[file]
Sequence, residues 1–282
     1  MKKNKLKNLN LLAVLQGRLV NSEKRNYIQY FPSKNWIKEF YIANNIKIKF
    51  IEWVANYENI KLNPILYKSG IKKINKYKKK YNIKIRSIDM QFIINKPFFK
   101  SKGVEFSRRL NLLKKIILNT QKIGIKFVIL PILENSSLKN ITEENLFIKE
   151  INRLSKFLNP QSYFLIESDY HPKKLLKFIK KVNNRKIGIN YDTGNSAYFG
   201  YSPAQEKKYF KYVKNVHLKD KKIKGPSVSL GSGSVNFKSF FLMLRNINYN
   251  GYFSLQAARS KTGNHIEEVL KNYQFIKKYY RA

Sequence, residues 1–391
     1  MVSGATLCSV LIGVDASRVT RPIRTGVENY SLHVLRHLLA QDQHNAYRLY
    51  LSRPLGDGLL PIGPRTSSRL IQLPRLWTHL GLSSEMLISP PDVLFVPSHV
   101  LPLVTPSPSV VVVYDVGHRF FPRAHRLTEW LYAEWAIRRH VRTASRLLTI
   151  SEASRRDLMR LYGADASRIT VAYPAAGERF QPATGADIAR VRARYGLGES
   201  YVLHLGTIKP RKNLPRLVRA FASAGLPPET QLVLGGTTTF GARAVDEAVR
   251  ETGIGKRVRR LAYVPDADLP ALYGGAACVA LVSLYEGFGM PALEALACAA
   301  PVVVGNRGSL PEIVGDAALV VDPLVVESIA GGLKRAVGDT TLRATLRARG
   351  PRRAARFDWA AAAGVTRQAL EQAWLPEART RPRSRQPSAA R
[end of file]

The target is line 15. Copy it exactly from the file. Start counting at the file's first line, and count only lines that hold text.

   301  PVVVGNRGSL PEIVGDAALV VDPLVVESIA GGLKRAVGDT TLRATLRARG